ABC to XYZ in Foods: C, part 2 - coffee and corn

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Bette Banjack

Two foods known and used throughout the world are coffee and corn. Going back centuries up until today, they have been a mainstay in our daily diets.

COFFEE – Approximately 640 million cups of coffee are consumed each day in the United States alone. Until around 1723, the Arabs held a virtual monopoly on coffee plants. The Arabs are the ones that discovered that harvesting the coffee bean inside the cherry-like-fruit would produce a drink that became so popular. In America, most of the New World drank tea as a common beverage. But, due to heavy taxation and the Boston Tea Party, coffee became the common America beverage.

Instant coffee was real popular for quite a few years, but brewed coffee is once again regaining popularity. Several coffee shops can be found on many streets and it seems everyone is carrying around a coffee cup or mug attached to their hand.

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When making coffee at home, both brewed and instant coffee needs to start with clean, fresh ingredients and utensils.

CORN – Has been a mainstay of many groups and cultures. To celebrate the glory of corn, the Corn Palace was built in1892 in Mitchell, South Dakota. This mansion-style building took 3,000 bushels of dried corn. Everything inside and outside of the building is made of corn.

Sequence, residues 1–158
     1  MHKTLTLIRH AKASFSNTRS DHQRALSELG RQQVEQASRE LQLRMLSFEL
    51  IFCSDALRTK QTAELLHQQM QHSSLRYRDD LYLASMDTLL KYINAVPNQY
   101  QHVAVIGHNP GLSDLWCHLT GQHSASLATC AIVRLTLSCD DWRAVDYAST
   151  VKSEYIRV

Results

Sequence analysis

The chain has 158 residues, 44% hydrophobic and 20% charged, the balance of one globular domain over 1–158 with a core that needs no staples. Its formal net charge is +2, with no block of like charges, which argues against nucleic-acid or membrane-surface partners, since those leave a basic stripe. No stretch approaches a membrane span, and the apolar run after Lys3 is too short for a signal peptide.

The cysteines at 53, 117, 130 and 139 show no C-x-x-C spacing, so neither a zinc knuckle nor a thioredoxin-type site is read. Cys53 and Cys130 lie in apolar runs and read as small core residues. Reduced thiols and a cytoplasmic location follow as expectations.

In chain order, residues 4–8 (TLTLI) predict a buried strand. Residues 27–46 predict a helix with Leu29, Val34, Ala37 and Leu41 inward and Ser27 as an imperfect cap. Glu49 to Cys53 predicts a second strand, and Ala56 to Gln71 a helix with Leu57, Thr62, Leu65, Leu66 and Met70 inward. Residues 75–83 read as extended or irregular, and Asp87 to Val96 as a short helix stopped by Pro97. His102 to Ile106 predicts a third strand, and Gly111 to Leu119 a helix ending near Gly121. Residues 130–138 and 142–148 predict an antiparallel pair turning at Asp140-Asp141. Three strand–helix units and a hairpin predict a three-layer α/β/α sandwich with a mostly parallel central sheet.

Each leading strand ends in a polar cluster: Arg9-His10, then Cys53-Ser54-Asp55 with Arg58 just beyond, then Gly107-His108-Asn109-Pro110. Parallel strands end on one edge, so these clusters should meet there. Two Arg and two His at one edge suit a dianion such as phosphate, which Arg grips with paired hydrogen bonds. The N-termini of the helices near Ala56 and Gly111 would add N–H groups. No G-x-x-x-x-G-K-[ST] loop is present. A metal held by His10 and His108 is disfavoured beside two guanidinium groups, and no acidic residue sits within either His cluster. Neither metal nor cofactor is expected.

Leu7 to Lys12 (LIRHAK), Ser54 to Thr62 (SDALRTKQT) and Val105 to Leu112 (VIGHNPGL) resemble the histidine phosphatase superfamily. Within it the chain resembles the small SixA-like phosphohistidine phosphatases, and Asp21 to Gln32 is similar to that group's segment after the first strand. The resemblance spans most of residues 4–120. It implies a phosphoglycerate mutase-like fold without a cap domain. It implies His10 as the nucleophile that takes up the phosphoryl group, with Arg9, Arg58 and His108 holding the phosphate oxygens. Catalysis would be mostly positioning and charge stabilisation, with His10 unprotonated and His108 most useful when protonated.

There is very little difference in the value of fresh, frozen or canned corn in recipes, or at least not enough to worry about. If using canned corn, drain and pour off liquid from the can. In a colander, rinse kernels under running water. This process gives a fresher product.

If you are sensitive or allergic to corn, read labels before purchasing groceries. Corn in cereal is one of the top five allergy-causing foods. It’s most noted in people with Irritable Bowel Syndrome (IBS), causing pain and cramps.

Frozen corn is great as it can be served year-round and tastes as good as fresh.

Corn Salad with Honey Dressing

1 pound bag of frozen corn

1 small sweet red pepper, fine diced

1 small white onion, fine diced

1 Tbsp. chopped fresh chives

1 Tbsp. cider vinegar

1 Tbsp. honey

½ tsp. celery salt

1/8 tsp. salt

Place the corn in a colander and rinse and thaw out. Place corn in large bowl. Add peppers, onion and chives. Toss to combine. In a small sauce pan, combine vinegar, honey, celery seeds and salt. Cook over medium heat for 1 to 2 minutes or until honey thins out. Pour sauce over corn mixture and toss. Can be served warm or cold.

Before we move on, let’s return to “B” for a moment.

BAY LEAF – Is known to improve the flavor of salt-free dishes. The best are known to be grown in Turkey. Their flavor enhances most meats, using two to three leaves. It is best to leave them whole and make sure each one is removed before serving. Not a very pleasant thought, but a bay leaf can stick to the roof of your mouth and you will choke to death.

Let me hear from you – banjack303@verizon.net

Good Food for a Good Life!